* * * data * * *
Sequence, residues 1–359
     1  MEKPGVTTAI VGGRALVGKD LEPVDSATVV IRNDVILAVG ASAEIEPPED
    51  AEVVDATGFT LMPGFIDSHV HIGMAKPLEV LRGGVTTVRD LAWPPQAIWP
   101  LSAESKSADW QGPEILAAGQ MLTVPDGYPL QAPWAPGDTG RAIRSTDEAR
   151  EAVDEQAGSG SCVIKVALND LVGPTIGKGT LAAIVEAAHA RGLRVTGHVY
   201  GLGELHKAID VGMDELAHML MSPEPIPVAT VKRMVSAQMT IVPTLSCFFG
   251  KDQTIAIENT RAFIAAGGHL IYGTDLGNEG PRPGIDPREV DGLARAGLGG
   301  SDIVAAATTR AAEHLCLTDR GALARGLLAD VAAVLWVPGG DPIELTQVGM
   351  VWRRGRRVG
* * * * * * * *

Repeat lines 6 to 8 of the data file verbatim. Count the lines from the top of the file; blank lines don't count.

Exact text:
   201  GLGELHKAID VGMDELAHML MSPEPIPVAT VKRMVSAQMT IVPTLSCFFG
   251  KDQTIAIENT RAFIAAGGHL IYGTDLGNEG PRPGIDPREV DGLARAGLGG
   301  SDIVAAATTR AAEHLCLTDR GALARGLLAD VAAVLWVPGG DPIELTQVGM